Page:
# Interpreting Financial Results

Review both the Balance Sheet and Income Statement for XYZ Company, Inc.

Calculate the following TEN financial ratios:

• Quick Ratio
• Inventory Turnover
• Accounts Receivable Turnover
• Total Debt Ratio
• Debt to Equity Ratio
• Gross Profit Margin
• Net Profit Margin
• Return on Assets (ROA)
• Return on Equity (ROE)
• Earnings Per Share (EPS)

Write a summary of your analysis to include the following for EACH ratio:

• What does the ratio measure?
• How is it calculated?
• What is considered a “good” or acceptable figure for the ratio?
• What is your calculation for the ratio as it relates to XYZ? Is their result acceptable or not?

Introduction – .50 points

Calculation: Quick Ratio – .25 points

Discussion: Quick Ratio – .50 points

Calculation: Inventory Turnover – .25 points **Use AVERAGE Inventory**

Discussion: Inventory Turnover – .50 points

Calculation: Accounts Receivable Turnover – .25 points ** Average accounts receivable should be used. However, you do not have the beginning accounts receivable figure. So simply use ending accounts receivable on this one.**

Discussion: Accounts Receivable Turnover – .50 points

Calculation: Total Debt Ratio – .25 points

Discussion: Total Debt Ratio – .50 points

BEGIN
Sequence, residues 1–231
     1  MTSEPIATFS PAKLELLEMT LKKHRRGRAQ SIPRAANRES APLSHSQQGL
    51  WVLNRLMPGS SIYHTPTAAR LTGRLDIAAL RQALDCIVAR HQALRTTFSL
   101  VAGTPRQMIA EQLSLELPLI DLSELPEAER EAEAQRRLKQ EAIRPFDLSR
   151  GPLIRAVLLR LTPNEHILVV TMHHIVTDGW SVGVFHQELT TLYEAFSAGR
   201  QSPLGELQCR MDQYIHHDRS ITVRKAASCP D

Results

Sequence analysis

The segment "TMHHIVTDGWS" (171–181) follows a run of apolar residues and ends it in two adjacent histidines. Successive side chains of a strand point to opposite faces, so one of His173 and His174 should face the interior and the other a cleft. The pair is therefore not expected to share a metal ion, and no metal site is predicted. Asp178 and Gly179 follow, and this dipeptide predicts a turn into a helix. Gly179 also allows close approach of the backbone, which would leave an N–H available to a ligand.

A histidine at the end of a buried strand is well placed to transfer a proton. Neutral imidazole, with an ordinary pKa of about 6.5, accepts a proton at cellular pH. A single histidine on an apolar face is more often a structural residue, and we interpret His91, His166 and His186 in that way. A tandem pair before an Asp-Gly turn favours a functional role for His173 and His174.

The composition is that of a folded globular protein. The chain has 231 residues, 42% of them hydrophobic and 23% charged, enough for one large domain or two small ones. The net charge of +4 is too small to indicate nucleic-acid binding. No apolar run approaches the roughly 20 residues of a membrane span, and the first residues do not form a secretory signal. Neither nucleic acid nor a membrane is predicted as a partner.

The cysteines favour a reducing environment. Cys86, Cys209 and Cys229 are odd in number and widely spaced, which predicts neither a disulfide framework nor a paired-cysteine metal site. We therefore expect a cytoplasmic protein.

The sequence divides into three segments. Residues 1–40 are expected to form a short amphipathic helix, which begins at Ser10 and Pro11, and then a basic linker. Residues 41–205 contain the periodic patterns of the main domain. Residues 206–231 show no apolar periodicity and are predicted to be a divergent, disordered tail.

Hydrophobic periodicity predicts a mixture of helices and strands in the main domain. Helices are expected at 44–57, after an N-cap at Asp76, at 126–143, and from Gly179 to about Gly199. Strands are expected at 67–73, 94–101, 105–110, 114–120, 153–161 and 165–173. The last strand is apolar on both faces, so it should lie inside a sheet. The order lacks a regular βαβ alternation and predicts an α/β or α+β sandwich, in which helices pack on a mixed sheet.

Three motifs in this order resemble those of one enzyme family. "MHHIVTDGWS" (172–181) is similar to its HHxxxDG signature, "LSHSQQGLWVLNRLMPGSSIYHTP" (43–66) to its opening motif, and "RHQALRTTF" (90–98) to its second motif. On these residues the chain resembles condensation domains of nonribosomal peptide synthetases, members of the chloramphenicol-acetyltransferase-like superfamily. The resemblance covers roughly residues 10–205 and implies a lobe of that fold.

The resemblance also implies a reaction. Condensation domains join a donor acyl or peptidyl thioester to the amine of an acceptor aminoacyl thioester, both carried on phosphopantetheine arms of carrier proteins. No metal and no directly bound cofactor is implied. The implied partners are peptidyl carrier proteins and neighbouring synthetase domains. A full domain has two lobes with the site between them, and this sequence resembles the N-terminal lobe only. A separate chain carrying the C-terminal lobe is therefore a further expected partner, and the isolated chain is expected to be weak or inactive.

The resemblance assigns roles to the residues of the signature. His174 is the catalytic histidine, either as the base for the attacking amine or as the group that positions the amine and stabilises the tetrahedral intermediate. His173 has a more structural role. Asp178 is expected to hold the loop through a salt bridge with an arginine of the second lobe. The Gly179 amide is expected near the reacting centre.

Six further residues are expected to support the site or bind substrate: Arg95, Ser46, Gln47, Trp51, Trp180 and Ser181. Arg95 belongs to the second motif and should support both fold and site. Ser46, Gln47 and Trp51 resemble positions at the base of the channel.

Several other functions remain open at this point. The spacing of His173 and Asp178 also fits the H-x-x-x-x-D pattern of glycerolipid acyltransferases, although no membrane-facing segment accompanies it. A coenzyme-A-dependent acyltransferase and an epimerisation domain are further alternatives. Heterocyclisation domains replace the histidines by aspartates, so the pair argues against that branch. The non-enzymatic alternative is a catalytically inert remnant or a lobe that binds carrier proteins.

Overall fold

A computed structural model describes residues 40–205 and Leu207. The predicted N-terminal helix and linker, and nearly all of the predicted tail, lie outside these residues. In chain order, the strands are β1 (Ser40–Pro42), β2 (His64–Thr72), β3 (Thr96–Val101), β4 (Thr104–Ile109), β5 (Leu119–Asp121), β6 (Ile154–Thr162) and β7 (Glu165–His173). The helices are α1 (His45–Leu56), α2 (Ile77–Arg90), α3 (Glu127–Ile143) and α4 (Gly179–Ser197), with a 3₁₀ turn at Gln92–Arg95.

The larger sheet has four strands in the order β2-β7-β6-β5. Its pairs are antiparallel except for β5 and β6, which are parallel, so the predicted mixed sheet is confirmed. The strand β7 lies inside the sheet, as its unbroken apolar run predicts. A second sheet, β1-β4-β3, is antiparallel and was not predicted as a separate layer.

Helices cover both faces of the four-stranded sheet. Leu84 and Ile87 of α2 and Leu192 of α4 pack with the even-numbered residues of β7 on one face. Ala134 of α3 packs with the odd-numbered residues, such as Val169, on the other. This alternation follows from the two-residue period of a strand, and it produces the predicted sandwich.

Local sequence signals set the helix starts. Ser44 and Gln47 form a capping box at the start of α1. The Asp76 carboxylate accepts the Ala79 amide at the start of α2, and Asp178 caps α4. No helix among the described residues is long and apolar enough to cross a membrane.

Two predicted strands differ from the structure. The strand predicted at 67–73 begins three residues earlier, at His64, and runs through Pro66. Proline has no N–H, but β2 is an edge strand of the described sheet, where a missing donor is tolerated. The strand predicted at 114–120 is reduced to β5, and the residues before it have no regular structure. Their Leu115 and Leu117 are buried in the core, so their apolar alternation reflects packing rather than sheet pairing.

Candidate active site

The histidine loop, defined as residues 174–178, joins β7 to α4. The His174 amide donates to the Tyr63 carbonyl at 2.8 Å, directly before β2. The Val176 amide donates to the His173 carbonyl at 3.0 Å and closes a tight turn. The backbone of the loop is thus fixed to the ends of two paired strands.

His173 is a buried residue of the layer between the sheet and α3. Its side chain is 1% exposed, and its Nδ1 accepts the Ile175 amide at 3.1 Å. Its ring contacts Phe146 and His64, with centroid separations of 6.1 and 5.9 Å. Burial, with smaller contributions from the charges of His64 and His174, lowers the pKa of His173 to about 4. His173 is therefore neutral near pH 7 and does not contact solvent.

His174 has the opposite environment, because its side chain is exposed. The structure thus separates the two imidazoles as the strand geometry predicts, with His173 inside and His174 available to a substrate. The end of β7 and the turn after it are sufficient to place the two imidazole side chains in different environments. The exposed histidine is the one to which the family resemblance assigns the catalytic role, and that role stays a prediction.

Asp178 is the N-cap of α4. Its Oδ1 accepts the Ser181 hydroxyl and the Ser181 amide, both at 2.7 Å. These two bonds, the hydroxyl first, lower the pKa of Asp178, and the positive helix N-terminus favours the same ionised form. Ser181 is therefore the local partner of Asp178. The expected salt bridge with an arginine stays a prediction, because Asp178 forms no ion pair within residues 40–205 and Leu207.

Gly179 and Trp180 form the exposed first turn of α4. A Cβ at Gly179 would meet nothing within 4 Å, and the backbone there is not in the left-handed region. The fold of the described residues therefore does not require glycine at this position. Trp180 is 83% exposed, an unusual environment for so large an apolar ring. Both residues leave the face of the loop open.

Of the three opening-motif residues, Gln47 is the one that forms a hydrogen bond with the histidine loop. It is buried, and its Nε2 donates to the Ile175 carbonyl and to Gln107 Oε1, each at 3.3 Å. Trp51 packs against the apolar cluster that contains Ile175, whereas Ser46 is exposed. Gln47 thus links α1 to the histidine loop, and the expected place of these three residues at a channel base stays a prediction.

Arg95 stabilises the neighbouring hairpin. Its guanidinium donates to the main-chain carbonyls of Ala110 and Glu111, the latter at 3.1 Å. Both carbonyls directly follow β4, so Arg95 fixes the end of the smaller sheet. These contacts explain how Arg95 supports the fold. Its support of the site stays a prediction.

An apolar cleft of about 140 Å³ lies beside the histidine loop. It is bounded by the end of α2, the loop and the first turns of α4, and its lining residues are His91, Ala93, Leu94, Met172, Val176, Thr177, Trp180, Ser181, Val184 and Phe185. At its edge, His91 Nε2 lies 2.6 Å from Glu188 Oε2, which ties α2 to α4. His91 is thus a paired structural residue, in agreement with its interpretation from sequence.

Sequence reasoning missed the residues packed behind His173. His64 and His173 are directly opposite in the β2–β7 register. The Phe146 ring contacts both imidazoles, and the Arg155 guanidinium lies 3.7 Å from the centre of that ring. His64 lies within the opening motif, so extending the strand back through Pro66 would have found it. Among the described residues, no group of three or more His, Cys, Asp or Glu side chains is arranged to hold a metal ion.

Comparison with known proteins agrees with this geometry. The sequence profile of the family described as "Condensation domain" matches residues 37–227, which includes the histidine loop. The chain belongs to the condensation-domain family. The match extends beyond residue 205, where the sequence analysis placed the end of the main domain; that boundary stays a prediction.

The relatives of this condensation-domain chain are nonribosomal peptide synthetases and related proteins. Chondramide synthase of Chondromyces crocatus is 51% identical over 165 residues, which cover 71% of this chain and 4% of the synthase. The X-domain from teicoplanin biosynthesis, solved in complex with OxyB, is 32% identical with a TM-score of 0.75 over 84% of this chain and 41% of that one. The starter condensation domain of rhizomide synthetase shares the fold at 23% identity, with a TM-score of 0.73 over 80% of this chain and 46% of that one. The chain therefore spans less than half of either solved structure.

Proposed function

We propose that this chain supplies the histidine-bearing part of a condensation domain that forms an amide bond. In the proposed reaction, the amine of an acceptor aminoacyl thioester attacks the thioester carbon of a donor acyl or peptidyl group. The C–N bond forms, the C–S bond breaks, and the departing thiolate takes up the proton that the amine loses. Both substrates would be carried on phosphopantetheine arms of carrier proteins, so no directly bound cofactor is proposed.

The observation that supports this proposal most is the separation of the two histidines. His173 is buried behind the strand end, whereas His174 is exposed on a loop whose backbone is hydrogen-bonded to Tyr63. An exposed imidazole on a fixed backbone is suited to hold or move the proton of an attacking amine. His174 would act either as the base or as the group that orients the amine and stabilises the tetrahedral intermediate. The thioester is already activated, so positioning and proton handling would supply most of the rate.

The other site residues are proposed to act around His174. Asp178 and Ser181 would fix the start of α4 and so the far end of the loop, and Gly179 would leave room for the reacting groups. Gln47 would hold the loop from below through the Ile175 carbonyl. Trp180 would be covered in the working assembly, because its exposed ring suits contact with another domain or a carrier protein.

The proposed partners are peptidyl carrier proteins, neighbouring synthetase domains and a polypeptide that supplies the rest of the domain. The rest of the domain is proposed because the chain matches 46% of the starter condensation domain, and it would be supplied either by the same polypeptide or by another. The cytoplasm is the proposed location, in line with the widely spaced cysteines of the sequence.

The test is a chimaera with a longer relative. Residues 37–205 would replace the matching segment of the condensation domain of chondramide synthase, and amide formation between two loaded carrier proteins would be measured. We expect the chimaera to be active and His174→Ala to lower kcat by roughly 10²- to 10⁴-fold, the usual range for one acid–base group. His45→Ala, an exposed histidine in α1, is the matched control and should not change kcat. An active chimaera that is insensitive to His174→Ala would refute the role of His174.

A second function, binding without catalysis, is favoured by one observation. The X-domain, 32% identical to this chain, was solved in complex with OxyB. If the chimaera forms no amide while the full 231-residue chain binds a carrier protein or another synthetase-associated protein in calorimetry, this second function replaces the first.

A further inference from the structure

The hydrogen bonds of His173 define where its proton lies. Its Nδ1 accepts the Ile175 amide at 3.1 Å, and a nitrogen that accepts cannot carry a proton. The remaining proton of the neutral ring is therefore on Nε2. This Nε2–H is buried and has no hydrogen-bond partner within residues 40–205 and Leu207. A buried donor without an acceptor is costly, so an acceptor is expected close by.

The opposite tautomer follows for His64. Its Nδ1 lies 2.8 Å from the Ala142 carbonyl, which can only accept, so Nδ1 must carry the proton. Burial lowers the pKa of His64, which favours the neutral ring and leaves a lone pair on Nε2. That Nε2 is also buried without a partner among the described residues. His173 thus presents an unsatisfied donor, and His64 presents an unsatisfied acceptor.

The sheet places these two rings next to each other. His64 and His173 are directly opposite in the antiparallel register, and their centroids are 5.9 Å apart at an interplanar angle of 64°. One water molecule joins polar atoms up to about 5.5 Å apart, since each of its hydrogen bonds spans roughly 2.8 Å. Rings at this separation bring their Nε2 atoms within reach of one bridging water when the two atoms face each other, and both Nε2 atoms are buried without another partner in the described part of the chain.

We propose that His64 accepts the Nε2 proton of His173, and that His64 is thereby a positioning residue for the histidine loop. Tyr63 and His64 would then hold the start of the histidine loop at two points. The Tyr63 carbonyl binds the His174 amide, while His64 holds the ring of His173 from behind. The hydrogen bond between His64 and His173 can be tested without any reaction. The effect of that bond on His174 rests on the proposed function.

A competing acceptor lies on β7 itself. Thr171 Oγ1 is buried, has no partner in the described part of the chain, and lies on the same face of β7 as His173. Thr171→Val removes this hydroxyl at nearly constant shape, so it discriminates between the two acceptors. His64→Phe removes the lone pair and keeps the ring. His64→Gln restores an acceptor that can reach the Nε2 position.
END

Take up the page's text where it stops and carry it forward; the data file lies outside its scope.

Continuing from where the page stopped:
Calculation: Debt to Equity Ratio – .25 points

Discussion: Debt to Equity Ratio – .50 points

Calculation: Gross Profit Margin – .25 points

Discussion: Gross Profit Margin – .50 points

Calculation: Net Profit Margin – .25 points

Discussion: Net Profit Margin – .50 points

Calculation: Return on Assets – .25 points

Discussion: Return on Assets – .50 points

Calculation: Return on Equity – .25 points

Discussion: Return on Equity – .50 points

Calculation: Earnings Per Share – .25 points **Assume 1000 Shares**

Discussion: Earnings Per Share – .50 points

Conclusion – .50 points

APA (includes title page, references, spelling, grammar, readability, etc) – 1 point

Required References (make sure to double-space and format into a hanging indent):

Parrino, R., Kidwell, D. S, & Bates, T. W. (2012). Fundamentals of corporate finance (2nd ed). Hoboken, NJ: Wiley.

University of Phoenix. (2014). Sample financial statements. Retrieved from University of Phoenix, FIN571 – Corporate Finance website.

Example: Current Ratio (each ratio discussion should be similar to this)

The current ratio is a measure of a firm’s liquidity. It specifically measures a firm’s ability to fulfill its short-term obligations. The current ratio is calculated by dividing current assets by current liabilities. A ratio that is too low could be an indicator of potential cash issues, while a ratio that is too high could be an indicator of capital inefficiency. While an acceptable ratio will depend on several factors, most firms strive for a current ratio between 1 and 2. XYZ, Inc. has a current ratio of 1.74. This ratio falls within the acceptable range which suggests that this firm should be able to fulfill its short-term obligations at this time.